Tuesday, March 22, 2011

Wordsworth and Revolution

A couple of weeks ago, in anticipation of reading some of Wordsworth's poetry, I read bits of William Ulmer's The Christian Wordsworth, 1798-1805. According to Ulmer, Wordsworth left the Anglican Church sometime in the 1790s, having lost faith in at least some orthodox tenets of Christianity, fairly quickly came back to some kind of faith and worshiped in the Unitarian church, and then late in life went back to the Anglican Church. This trajectory has much in common with Dickens's spiritual journey, and I learned that Wordsworth also shares with the novelist trouble with critics who don't want to believe that his works have Christian content; Ulmer defends the face-value interpretation of Wordsworth's references to Christ and to Christian faith against the critics who take them all as symbolic of something else. He quotes several letters of Coleridge in support of his view, including one that calls Wordsworth "half an atheist" (or some such words), explaining that the word "atheist" at the time could refer to a wide range of unorthodox positions, many of which are in fact theistic.

I didn't read the whole book by any means, so I may well have missed something, but now that I've read a good bit of the poetry, I'm a bit puzzled that Ulmer spent so much time on Coleridge's letters and not on Wordsworth's own The Prelude: An Autobiographical Poem. In the eleventh book of this long work, Wordsworth explains his spiritual and intellectual crisis as a response to the French Revolution. In earlier passages, Wordsworth tells of his years living in France, and of his compassion for the working and peasant classes who had no hope of freedom in that nation's aristocracy. When the Revolution started, Wordsworth rejoiced, secretly scorning his home country for opposing the revolution with their own troops. But the situation turned more dangerous, forcing Wordsworth to leave the country to protect his life, and then from the safety of England he witnessed the devastating news as Robespierre plunged France into a senseless red bath, insatiably executing people of all classes for any reason or no reason at all. According to Wordsworth, a movement founded on principles of reason and liberty that he had embraced with piety had turned clearly, horribly wrong. Nothing he thought he knew made sense any more. He sings of his disillusionment this way:
Share with me, Friend! the wish
That some dramatic tale, endued with shapes
Livelier, and flinging out less guarded words
Than suit the work we fashion, might set forth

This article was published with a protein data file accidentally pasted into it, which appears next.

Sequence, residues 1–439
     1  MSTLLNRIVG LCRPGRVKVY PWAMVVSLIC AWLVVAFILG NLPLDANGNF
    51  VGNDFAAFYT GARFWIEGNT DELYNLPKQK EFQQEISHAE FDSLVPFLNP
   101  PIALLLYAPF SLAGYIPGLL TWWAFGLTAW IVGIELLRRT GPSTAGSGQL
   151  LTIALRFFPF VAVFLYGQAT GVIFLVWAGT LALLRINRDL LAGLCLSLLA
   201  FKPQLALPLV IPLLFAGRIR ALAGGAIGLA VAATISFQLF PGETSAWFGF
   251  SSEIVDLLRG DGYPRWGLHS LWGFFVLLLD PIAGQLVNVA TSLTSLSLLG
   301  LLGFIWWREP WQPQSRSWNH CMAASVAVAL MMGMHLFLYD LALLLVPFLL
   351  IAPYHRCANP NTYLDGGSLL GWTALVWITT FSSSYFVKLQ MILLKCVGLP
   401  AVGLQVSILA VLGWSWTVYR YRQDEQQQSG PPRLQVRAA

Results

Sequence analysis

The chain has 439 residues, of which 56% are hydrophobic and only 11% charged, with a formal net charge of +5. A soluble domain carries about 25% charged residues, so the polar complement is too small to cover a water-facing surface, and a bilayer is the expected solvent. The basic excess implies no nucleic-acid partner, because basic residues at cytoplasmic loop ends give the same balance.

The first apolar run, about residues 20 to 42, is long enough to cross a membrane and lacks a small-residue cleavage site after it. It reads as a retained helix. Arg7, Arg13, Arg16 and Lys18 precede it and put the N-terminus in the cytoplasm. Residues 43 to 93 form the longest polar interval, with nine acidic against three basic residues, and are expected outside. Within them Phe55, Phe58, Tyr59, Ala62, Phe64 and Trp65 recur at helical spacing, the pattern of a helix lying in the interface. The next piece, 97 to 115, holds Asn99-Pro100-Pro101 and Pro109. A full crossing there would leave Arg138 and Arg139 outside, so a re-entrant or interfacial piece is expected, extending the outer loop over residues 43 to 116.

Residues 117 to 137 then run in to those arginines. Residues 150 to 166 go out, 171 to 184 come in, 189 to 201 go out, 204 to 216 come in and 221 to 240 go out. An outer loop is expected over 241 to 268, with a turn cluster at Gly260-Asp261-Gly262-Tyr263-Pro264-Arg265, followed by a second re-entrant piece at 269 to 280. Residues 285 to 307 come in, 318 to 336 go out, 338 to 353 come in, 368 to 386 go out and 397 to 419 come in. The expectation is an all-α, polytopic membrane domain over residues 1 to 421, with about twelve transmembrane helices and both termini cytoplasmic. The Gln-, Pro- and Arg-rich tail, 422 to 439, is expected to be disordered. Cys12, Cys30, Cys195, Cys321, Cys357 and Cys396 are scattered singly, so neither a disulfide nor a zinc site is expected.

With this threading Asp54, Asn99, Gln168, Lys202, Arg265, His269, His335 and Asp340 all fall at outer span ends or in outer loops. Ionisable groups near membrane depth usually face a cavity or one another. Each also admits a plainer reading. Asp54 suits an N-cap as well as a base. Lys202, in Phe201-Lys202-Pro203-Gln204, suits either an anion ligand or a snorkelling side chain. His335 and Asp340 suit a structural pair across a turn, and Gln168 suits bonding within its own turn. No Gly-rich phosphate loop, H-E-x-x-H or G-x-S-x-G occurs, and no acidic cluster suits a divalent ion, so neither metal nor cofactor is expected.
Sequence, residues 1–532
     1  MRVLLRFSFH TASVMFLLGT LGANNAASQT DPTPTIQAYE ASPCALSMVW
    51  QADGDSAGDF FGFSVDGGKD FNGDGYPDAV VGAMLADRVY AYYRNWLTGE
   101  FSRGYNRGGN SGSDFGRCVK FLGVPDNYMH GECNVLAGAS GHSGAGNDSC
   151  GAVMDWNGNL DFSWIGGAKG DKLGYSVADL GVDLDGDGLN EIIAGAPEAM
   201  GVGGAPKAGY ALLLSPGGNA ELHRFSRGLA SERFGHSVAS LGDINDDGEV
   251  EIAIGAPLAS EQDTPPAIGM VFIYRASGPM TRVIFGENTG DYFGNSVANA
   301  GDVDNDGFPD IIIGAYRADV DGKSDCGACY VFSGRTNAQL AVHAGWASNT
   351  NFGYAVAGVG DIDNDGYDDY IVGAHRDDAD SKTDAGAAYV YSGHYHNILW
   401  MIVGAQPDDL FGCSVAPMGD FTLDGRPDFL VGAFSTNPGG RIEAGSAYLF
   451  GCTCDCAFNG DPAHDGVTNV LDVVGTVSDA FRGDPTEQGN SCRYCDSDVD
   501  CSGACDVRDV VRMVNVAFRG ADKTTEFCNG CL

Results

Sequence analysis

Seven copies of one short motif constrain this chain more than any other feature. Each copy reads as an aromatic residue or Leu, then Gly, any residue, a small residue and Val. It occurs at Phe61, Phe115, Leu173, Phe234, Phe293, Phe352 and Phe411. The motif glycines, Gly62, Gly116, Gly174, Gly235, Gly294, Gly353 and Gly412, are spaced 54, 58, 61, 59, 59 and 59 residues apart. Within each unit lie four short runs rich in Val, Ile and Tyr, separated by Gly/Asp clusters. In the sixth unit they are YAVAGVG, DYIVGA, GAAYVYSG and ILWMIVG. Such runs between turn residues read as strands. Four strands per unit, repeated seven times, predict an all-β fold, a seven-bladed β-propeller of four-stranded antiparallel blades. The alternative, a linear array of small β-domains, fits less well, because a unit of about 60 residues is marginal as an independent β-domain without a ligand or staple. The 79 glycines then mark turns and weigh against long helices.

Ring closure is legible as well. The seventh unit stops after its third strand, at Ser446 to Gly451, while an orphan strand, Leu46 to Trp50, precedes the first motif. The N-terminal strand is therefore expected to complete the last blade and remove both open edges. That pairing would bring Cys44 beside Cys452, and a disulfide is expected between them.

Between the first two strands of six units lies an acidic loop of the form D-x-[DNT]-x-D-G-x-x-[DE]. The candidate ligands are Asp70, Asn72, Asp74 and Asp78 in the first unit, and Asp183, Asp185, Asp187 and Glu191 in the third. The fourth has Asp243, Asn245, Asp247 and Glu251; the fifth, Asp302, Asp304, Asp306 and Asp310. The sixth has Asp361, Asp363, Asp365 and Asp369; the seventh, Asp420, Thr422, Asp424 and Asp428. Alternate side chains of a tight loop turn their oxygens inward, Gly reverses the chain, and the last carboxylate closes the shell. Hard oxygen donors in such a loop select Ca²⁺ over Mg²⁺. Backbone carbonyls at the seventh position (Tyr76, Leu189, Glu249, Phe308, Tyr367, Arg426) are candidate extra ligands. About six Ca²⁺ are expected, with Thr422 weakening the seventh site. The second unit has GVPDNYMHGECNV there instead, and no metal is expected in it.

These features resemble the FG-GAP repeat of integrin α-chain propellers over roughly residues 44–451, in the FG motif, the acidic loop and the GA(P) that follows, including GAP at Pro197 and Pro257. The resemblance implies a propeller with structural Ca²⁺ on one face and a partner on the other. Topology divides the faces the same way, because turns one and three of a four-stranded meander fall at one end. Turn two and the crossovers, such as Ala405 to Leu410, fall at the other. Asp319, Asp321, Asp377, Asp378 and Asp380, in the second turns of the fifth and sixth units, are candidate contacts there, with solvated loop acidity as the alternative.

What then I learned, or think I learned, of truth,
And the errors into which I fell, betrayed
By present objects, and by reasonings false
From their beginnings, inasmuch as drawn
Out of a heart that had been turned aside  
From Nature's way by outward accidents,
And which was thus confounded, more and more
Misguided, and misguiding. So I fared,
Dragging all precepts, judgments, maxims, creeds,
Like culprits to the bar; calling the mind,
Suspiciously, to establish in plain day
Her titles and her honours; now believing,
Now disbelieving; endlessly perplexed
With impulse, motive, right and wrong, the ground
Of obligation, what the rule and whence     
The sanction; till, demanding formal 'proof',
And seeking it in every thing, I lost
All feeling of conviction, and, in fine,
Sick, wearied out with contrarieties,
Yielded up moral questions in despair.
I've often wondered what side I would have taken during the American Revolution. From my twenty-first century perspective, it seems wrong. Although I admire many of the Patriots and thank God for the blessings of the country they founded, I can't bring myself to see taxes on paper and tea as justification for rebellion -- especially compared with the taxes we pay today. But in the fervor of the moment, with an ambiguous "liberty" being preached from most of the pulpits in every colony, would I have thought differently? Might I even have seen it my Christian duty to contribute to the cause of independence?

This week, I've been putting myself in Wordsworth's shoes and wondering what I would have made of the French Revolution. If I can at least entertain the possibility that I would have supported the American Revolution, it seems only more probable that I would have embraced the French Revolution's fight for people much more downtrodden than Sam Adams and his fellow Bostonians. Would I also have sickened as the frenzy of bloodletting proved the misplacement of my sympathies?

By the time he wrote The Prelude, Wordsworth's faith had clearly revived; at the very end of the poem, he tells us he has learned that man's earthly revolutions -- political or otherwise -- cannot achieve the beautiful repose of reason and faith that his mind was created for. Speaking to his friend, Coleridge, he says:
Prophets of Nature, we to them will speak
A lasting inspiration, sanctified
By reason, blest by faith: what we have loved,
Others will love, and we will teach them how;
Instruct them how the mind of man becomes
A thousand times more beautiful than the earth
On which he dwells, above this frame of things
(Which, 'mid all revolution in the hopes
And fears of men, doth still remain unchanged)
In beauty exalted, as it is itself
Of quality and fabric more divine.

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